Robots in the automation world are often thought of as the large, heavy pieces of machinery we’ve seen showcased countless times in car commercials, moving heavy parts, welding with sparks flying, dwarfing the cars they’re working on — not necessary equipment that has a variety of applications. But if your factory floor is smaller than a Cadillac plant or you’re working with a product smaller than a Mini Cooper, you still have enough space to automate:
Small multi-axis industrial robots add new twist to lean manufacturing, by Charlie Miller
When the design work first began on the IRB 120, it was intended for assembly work in the electronics industry. The idea was to make an affordable robot suited to low-cost countries where electronics are typically manufactured. But they soon caught on, domestically and abroad, as other industries found these robots improve productivity and are easily integrated into new and existing production lines. The installed base has extended to a variety of industries including pharmaceutical, packaging, food and beverage, automotive, and solar photovoltaic manufacturing. One of the key features of this new class of smaller, compact robots is they are able to work very close to other machinery in a production line. A typical base for these robots is 18 centimeters by 18 centimeters, the size of half a piece of A4 paper.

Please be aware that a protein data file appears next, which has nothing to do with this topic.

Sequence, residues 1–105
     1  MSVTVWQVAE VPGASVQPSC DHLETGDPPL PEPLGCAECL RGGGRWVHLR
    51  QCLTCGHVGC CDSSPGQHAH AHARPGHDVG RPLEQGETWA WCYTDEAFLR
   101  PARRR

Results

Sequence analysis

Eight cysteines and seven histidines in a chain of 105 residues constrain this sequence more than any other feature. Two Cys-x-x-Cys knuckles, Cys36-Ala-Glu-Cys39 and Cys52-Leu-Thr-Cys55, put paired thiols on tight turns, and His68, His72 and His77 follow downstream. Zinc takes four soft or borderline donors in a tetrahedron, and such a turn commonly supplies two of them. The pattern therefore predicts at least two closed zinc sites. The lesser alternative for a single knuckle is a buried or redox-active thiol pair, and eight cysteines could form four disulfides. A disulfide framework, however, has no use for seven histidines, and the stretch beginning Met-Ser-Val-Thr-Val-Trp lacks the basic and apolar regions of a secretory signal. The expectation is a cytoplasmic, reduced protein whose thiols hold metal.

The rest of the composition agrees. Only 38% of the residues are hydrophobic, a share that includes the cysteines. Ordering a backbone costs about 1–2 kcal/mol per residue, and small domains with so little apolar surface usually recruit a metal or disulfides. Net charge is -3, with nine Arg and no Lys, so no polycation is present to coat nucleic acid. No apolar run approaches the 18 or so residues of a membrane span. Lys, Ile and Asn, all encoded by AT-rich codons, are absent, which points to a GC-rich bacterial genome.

This class of robots typically weighs just 25 kilograms and has a very compact turning radius, enabled by the robots symmetric architecture, without offset on the second axis. This ensures the robot can be mounted close to other equipment, and the slim wrist enables the arm to reach closer to its application.
These compact robots also offer an advantage when mounting the robot upside-down, as it can be installed at a relatively low height, once again saving space. At the same time, these robots do not sacrifice reach. Typical “stroke” measures 411 millimeters, which is long compared to its total reach of 580 millimeters.